No fancy chefs here. Only creative street chefs (and some out-of-school youths) with natural talent in cooking. It doesn’t mean that the food isn’t fine-dine quality but the Filipino and street food served here at Street Chef Resto Bar in Mandaluyong is a product of a creative concoction. Co-owner Ajun Vellenzuella, who is an advocate of helping out out-of-school youths, encourages his cooks to find their unique flavor. The result is something surprisingly enjoyable.
True to its name, the Street Chef Resto Bar is situated along a street Mandaluyong. On a vacant parking lot, there are tables and chair set up for dining customers. A colorful graffiti wall, hanging curtains and warm lighting gives it a nice dining ambiance without being too posh. Street Chef used to be only a delivery food service which started more than a year ago but due to customer request, the owners decided to put up a dining area where people can enjoy food and a little booze. They serve below zero beer and some nights, a band would play.
Filipino Food with a Twist
It would be easy to be overwhelmed with the wealth of dishes available in their menu. Probably best to go with a familiar name just be prepared for the inventive twist they have on these dishes. Let’s say their Street Pinakbet (Php 160) isn’t all veggies. Meat lovers would find the chunks of lechon kawali as trophy pieces. The shrimp paste mix on the soup though makes it really flavorful without being too salty.
Am not a fan of dinuguan but its surprising I liked the Dinuguan sa Kawali (Php 165). Maybe because its more on the sweet side instead sour and those crispy bits of lechon kawali.
Purist may argue with Street Chef’s version of Dinakdakan (Php 150) as they didn’t use pig’s face. They are showing their love for lechon kawali which was also used here. There’s a certain freshness and mixed of flavors that played on this dish from the sauce and crispy meat. Meat quality was inconsistent though with a few tough parts but it was overall very good.
Something I don’t often see served in many restos is Balut. A Filipino delicacy much maligned in reputation and a rite for passage for foreigners who visit the country. Well good news for them there’s a better and more delectable way to eat balut. The Sizzling Balut here is quite unique, nutty, garlicky and thick mushroom sauce. It’s soo good it makes me want to eat balut more. This can be a trademark dish for me here in Street Chef.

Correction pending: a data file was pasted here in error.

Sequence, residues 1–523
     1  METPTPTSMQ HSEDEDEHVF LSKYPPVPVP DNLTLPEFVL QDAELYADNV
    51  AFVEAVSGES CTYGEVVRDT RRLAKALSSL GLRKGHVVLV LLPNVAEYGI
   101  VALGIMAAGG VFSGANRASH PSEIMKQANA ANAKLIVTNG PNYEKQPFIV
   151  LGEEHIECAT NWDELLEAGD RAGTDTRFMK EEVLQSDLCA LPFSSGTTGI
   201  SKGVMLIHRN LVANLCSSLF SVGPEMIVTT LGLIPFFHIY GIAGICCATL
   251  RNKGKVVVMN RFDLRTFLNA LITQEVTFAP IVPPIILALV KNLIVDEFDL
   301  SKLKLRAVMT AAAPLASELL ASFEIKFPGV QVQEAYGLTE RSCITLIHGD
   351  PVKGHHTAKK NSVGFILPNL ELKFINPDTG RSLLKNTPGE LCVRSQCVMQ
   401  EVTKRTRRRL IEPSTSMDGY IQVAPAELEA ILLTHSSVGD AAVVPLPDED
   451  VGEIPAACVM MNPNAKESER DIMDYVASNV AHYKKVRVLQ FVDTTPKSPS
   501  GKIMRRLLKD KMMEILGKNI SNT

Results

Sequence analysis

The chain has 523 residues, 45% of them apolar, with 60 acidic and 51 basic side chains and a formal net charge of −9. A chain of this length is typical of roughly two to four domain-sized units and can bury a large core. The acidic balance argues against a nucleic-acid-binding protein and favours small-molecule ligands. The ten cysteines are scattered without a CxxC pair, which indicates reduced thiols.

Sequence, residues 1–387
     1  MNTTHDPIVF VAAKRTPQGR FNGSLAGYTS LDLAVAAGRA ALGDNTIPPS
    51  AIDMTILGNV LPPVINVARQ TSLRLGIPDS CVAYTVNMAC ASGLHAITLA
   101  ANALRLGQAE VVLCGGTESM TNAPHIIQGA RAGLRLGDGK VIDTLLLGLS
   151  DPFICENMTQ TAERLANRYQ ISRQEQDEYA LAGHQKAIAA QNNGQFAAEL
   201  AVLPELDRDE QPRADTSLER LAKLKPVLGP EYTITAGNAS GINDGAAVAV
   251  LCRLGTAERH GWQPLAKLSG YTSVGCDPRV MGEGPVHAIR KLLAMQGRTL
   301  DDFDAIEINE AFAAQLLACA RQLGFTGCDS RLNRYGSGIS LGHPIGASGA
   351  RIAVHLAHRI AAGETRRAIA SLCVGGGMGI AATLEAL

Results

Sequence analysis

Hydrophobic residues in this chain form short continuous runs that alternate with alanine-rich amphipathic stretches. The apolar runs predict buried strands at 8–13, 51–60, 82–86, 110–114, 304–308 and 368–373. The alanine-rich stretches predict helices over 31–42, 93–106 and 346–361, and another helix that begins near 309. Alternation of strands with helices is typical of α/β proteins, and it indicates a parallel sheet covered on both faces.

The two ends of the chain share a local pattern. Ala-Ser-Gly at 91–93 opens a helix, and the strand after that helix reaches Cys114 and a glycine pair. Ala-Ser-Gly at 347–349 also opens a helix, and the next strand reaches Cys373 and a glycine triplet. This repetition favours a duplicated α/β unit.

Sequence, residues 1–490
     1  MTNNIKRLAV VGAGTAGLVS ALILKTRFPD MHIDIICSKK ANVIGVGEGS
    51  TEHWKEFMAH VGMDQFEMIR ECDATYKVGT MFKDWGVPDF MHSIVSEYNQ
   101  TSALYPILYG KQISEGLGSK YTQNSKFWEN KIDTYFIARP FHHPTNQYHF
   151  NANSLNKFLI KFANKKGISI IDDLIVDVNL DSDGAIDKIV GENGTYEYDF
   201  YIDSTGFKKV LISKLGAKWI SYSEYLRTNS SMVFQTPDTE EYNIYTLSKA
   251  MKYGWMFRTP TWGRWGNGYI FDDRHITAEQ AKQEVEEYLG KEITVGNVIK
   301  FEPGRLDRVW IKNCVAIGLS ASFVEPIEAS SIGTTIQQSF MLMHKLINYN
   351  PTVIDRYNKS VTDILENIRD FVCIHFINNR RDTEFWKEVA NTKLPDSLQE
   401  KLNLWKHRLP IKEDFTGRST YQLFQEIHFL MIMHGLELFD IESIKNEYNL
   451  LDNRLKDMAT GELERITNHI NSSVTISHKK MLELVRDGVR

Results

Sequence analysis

Filipino street food won’t be complete with our favorite street fares and their Street Food Platter (Php 195)There’s the good old BBQ done the old style which I like, but the tenga (ears) were real soft and rich in spices and the blood cubes were surprisingly good not being fishy since it was boiled longer than usual.
We love adobo and a white adobo like this Adobo sa Puti (Php 160) is another welcome alternative. It doesn’t use soy instead it has lots of garlic and black pepper. Chunks of lechon kawali again (no surprise there now). This one really goes well with their below-zero beer.
What is Filipino food without Crispy Pata? Well we can present a good alternative. The Crispy Buntot ng Tuna can be so deceiving. This deep-fried goodness has a texture similar to that of a crispy pata.
Aside from the mentioned personal favorites they also have the oh so soft and juicy Pinaupong Manok, Rillenong Bangus and Adobong Adidas.
Make sure you don’t fill your tummy for the brim as I highly recommend their Leche de Mango (Php 120). The mango compliments the not-too-sweet dessert very well.
Street Chef Resto Bar is a place where people can enjoy casual Filipino dishes and street food with a twist. While I may say it is lechon-kawali heavy, the food taste great and I didn’t have to burn my wallet to get my fill. It’s a good place to take the barkada (friends) for and afternoon round of drinks and eats.
Street Chef Resto Bar
880 San Rafael Street corner Martinez Avenue
(near Mandaluyong City Hall)
Operating Hours: 6:00am to 4:00am Monday to Sunday
Contact: 0905.345.2433, 0918.888.2433